The Hercules Cluster (also known as the Great Hercules Cluster, Messier Object 13, Messier 13, M13 or NGC 6205) is a globular cluster in the constellation Hercules. It was discovered by the English astronomer Edmond Halley in 1714 and later added by Charles Messier in his famous catalogue of astronomical objects.

William Herschel, through his large reflecting telescope, was able to discover several alignments of stars (known as spider legs) and finally verified that it was facing a cluster.

Making a first count of its components, it gave approximately 8,500 stars.

Technical data:

Telescope: S/C 8″
Focal Length Reducer: Meade 6.3
Filter: Clear
Telescope Guide: SkyWatcher ED80
Mount: LX200 GPSR
CCD Guide: QHY5
CCD Temp:-5º
Ambient Temp:0º
Location: Anunaki Observatory / Rivas Vaciamadrid (Madrid)

M13 It is located approximately 25100 light-years (7695 parsec) from Earth and belongs to class V in the Shapley-Sawyer concentration classification.
Their joint magnitude in band V (green filter) is equal to 5.80; its spectral type is F6: photographically it is yellowish due to the large number of red giant stars it contains; the absolute magnitude is equal to -8.53 (V-band).

It is estimated that its luminosity is similar to that of 500,000 suns, although its mass is located in the band 600-800 thousand times that of the sun: obviously a good part of its stars are invisible stars (white dwarfs and neutron stars).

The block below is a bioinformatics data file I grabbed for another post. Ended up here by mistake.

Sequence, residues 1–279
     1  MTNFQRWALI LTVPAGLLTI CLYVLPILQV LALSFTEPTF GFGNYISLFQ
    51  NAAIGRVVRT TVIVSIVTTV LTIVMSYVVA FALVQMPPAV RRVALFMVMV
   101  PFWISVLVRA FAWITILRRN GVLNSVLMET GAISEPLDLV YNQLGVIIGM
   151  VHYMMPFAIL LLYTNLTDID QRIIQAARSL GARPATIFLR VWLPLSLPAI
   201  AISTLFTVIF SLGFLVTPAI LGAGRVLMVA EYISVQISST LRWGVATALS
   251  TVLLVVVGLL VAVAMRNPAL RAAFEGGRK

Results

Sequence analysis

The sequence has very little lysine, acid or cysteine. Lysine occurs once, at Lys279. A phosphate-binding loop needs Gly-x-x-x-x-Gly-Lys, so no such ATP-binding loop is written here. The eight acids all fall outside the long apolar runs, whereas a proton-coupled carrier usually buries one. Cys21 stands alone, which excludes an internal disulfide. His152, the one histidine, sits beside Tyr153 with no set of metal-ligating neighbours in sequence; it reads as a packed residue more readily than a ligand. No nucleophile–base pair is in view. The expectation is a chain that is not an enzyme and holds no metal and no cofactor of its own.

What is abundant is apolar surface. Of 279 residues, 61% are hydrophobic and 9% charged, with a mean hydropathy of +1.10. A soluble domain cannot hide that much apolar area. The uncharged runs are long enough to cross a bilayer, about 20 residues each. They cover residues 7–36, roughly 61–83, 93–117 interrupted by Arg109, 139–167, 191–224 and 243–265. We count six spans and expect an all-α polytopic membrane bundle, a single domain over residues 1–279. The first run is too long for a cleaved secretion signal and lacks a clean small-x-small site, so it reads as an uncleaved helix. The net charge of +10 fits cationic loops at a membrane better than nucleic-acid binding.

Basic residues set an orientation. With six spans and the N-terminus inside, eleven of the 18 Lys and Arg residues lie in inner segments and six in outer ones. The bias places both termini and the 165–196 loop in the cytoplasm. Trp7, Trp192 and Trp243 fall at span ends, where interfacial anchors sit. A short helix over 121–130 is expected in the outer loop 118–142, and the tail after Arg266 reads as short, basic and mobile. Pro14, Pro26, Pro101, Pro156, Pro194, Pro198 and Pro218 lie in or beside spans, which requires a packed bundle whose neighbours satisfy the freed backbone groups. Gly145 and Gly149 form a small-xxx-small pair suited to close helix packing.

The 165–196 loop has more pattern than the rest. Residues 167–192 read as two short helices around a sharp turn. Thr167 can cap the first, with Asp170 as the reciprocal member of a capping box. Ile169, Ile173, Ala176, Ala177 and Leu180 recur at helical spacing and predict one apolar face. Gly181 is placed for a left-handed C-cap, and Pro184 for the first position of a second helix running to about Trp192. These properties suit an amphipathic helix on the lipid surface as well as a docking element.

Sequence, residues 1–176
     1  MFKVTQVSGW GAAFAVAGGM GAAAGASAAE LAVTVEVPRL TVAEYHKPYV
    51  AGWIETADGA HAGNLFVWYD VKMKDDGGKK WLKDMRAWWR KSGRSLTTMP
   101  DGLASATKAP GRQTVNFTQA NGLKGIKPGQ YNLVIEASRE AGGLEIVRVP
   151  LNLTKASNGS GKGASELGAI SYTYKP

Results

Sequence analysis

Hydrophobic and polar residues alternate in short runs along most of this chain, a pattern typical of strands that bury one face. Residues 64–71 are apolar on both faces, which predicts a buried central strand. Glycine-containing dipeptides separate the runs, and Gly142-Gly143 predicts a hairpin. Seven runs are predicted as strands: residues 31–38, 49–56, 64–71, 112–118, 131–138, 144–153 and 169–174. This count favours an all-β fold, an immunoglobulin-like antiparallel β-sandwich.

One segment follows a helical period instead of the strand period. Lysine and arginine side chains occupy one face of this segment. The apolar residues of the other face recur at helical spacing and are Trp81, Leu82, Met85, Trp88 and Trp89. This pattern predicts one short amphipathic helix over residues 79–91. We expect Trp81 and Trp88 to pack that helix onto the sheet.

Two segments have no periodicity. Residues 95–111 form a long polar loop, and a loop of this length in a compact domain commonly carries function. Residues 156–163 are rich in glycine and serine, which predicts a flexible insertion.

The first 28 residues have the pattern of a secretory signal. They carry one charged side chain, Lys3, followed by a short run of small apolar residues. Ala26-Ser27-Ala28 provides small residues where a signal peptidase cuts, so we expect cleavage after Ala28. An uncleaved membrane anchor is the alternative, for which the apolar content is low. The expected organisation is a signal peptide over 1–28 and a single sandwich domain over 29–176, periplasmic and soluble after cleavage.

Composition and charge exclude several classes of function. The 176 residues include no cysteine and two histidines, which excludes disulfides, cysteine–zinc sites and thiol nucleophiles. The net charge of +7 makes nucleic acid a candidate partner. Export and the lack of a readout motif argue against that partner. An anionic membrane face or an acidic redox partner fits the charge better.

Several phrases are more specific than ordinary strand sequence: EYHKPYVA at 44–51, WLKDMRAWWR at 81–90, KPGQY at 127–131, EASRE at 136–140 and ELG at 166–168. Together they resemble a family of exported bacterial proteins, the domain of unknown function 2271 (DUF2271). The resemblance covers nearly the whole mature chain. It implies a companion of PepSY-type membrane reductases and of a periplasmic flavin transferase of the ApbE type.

In 2005, an X-ray-emitting neutron star was discovered in closed orbit with a companion.

Its brightest stars are yellowish stars of the red giant type that appear with magnitude 11.87 (the variable V11), its brightest Cepheid variable star (V2) is of magnitude 12.85 while the RR Lyrae stars (used as a distance pattern) appear with magnitude 14.82. The period of the V38 variables is 81 days, while that of V43 is 97 days.

All these variable stars are affordable to amateur telescopes from the 200 mm aperture equipped with CCD cameras and a good map of the cluster.

Its main stars are listed in the Ludendorff Catalogue (1905) and in the less used Kadla Catalogue (1966): in the latter case the proper movements (measured in milli-seconds of arc per year) are also analyzed, which allows us to know which of them really belong to the cluster.

A more exhaustive study of proper motions (443 stars) was carried out in 1979 by the American astronomers Cudworth and Monet, comparing photographic plates taken with Yerkes’ 1-meter refractor between 1900 and 1977: the proper motion of its stars is in the range 0.001-0.075″ per century.